One of the world’s largest video game makers Epic Games has filed a formal antitrust complaint against Apple to the European Commission, claiming the Silicon Valley giant imposes unviable burdens, like its 30 percent fee on some App Store purchases, on rivals.
“The 30 percent they charge as their app tax, they can make it 50 percent or 90 percent or 100 percent. Under their theory of how these markets are structured, they have every right to do that,” Epic Games founder and Chief Executive Tim Sweeney said.
“Epic is not asking any court or regulator to change this 30% to some other number, only to restore competition on IOS,” he said, referring to Apple’s mobile operating system.
The two companies have been locked in a legal battle since August, after the game maker tried to sidestep the fee by implementing its own in-app payments.
Apple, on the other hand, maintains that its rules apply equally to all developers and that Epic violated them.
“In ways a judge has described as deceptive and clandestine, Epic enabled a feature in its app, which was not reviewed or approved by Apple, and they did so with the express intent of violating the App Store,” the company stated, adding that “their reckless behaviour made pawns of customers.” The company stressed it looks forward to delivering this message to the European Commission.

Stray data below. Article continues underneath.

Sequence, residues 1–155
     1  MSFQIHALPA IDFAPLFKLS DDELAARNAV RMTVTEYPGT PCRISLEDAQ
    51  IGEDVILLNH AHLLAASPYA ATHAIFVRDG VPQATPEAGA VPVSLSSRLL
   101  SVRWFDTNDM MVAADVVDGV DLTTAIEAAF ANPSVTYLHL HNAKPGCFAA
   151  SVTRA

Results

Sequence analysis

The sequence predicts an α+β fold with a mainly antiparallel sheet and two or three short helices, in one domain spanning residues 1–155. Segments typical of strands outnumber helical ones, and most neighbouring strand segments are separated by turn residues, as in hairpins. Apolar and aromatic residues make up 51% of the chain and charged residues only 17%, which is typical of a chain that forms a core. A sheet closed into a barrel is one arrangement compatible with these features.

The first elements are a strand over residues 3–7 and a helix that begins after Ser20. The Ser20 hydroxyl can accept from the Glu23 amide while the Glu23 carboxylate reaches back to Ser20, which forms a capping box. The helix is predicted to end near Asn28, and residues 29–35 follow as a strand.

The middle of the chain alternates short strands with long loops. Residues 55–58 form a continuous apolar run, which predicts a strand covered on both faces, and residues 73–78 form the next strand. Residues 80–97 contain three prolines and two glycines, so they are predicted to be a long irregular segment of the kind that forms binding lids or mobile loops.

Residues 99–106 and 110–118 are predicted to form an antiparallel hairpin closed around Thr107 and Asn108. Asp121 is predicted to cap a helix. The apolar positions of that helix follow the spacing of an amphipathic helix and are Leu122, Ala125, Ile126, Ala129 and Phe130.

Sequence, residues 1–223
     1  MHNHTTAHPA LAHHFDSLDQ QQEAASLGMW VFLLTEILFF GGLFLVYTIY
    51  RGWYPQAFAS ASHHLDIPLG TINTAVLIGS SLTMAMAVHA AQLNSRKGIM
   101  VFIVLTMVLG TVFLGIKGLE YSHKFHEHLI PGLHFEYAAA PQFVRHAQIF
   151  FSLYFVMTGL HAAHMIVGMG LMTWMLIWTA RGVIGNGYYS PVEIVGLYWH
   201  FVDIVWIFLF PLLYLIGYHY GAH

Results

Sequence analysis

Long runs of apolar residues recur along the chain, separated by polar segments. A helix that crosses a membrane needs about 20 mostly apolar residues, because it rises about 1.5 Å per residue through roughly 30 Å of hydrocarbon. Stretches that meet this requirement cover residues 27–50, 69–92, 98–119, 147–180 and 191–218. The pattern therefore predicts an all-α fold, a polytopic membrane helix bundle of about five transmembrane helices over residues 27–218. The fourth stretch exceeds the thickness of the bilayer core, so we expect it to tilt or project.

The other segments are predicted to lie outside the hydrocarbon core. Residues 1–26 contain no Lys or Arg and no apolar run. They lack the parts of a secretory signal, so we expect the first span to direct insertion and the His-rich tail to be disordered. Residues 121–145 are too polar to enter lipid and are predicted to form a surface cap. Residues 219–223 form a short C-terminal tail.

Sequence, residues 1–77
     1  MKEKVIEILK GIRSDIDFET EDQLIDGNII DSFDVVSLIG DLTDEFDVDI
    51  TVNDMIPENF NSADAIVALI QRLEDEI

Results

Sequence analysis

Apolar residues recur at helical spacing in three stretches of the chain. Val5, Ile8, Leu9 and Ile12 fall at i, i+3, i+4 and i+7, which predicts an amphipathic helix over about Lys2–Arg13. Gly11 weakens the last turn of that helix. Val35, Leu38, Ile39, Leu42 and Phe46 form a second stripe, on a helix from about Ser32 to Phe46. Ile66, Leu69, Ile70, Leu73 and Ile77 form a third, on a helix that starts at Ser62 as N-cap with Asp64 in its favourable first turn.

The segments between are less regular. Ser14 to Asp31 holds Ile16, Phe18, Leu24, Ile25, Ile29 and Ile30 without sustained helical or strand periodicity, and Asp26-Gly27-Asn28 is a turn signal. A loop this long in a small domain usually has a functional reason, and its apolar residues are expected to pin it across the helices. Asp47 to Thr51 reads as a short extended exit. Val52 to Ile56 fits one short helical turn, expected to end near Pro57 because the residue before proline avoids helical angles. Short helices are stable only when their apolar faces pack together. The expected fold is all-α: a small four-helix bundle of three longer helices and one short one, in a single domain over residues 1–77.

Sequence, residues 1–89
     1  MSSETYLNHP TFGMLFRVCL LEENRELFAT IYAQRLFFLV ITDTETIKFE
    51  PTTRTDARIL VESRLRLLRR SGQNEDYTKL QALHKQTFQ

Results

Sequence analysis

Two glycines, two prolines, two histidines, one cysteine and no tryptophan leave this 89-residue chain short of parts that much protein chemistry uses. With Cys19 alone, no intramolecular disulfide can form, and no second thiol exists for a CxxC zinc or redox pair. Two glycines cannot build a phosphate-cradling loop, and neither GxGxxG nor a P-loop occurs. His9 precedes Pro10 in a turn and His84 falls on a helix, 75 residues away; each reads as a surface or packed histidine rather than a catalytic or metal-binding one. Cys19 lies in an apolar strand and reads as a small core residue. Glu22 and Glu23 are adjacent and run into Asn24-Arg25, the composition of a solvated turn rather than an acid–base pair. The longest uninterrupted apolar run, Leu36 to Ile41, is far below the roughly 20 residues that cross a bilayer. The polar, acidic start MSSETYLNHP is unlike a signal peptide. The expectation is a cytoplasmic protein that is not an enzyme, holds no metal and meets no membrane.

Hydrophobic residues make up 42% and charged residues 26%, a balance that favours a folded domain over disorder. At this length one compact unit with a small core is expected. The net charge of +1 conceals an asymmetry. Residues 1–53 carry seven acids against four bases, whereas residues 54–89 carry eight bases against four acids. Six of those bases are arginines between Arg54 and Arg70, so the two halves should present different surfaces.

In July last year, another tech company Telegram, filed an official complaint to EU antitrust chief Margrethe Vestager regarding Apple’s App Store rules. The messaging service also slammed the App Store for monopolistic behaviour, arguing that the 30 percent commission on in-app purchases charged by Apple was excessive.
The EU’s executive body is currently investigating Apple in several probes concerning the terms and conditions of using the company’s Apple Pay payment platform and App Store. Apple slammed the European Commission for looking into “baseless” complaints.
In November, however, Apple said it would reduce the commission rate to 15 percent for any developer that earns less than $1 million in annual revenue.